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Traditional behavioural sleep training is not for every parent.
- Maybe you’re not ready to make such big changes to your little one’s sleep habits.
- Perhaps your baby’s cries are too overwhelming to listen to, even if you’re in the baby’s room supporting him.
- Maybe you have a young baby who isn’t old enough for sleep training.
- Or maybe you were blessed with an amazing sleeper who doesn’t need sleep training.
This might be where you try patting your baby to sleep, also known as the shush pat method. This well-known approach was created by well-known author Tracy Hogg as an alternative to traditional sleep training.
In this blog post, I will elaborate on what the shush pat method is, how to execute it, and whether it’s an effective gentle sleep training method.
Firstly, why does patting a baby help them fall asleep?
Gentle, rhythmic patting is highly effective at putting babies to sleep because of its ability to activate the calming reflex and create a sense of security and comfort for your baby. This is especially relevant if you have a fussy baby. There are several reasons why this technique works so well:
Mimics the womb environment
In the womb, babies experience a constant, rhythmic sensation due to the mother’s heartbeat, blood flow, and other internal movements. Rhythmic patting replicates this familiar sensation, reminding the baby of the comforting environment they were accustomed to before birth.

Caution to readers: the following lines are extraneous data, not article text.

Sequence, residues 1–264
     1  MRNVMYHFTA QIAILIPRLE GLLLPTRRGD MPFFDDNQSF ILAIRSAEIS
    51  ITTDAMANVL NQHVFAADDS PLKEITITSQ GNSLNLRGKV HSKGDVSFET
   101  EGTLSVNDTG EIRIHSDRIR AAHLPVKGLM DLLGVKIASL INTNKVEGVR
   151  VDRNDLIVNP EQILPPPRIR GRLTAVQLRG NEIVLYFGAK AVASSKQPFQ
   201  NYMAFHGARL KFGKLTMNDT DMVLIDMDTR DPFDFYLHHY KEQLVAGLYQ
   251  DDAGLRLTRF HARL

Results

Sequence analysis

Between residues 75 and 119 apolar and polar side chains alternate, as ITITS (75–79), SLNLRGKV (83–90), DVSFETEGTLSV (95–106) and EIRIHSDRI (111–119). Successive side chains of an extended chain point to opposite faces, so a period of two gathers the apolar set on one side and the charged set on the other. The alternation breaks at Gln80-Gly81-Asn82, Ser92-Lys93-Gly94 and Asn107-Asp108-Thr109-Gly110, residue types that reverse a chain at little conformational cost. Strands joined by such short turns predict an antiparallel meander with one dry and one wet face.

Soothing and predictable
The rhythmic pattern of patting provides a predictable and soothing experience for your baby. Predictability is essential for infants, as it adds a sense of familiarity and helps them feel safe and secure. When babies feel secure, they are more likely to relax and fall asleep.
Provides physical contact and bonding
Physical contact is crucial for babies, especially in their early months. When parents engage in rhythmic patting, they provide their baby with the much-needed skin-to-skin contact. This enhances bonding and helps create a strong emotional connection between you and your baby.
Auditory stimulation is calming for babies
The consistent sound produced by the rhythmic patting mimics other soothing sounds they heard in the womb, such as the mother’s heartbeat. This helps the baby relax and fall asleep.
Calming repetitive motions
Repetitive motions have a calming effect on the human nervous system. This gentle, repetitive patting creates a rhythmic flow that helps regulate the baby’s heartbeat and breathing.
The baby’s startle reflex is minimized
Babies have a startle reflex, which can cause them to suddenly jerk awake or become fussy when they feel insecure. Rhythmic patting can help mitigate this startle reflex by providing a sense of containment and comfort. This allows your baby to feel more secure and less prone to sudden awakenings.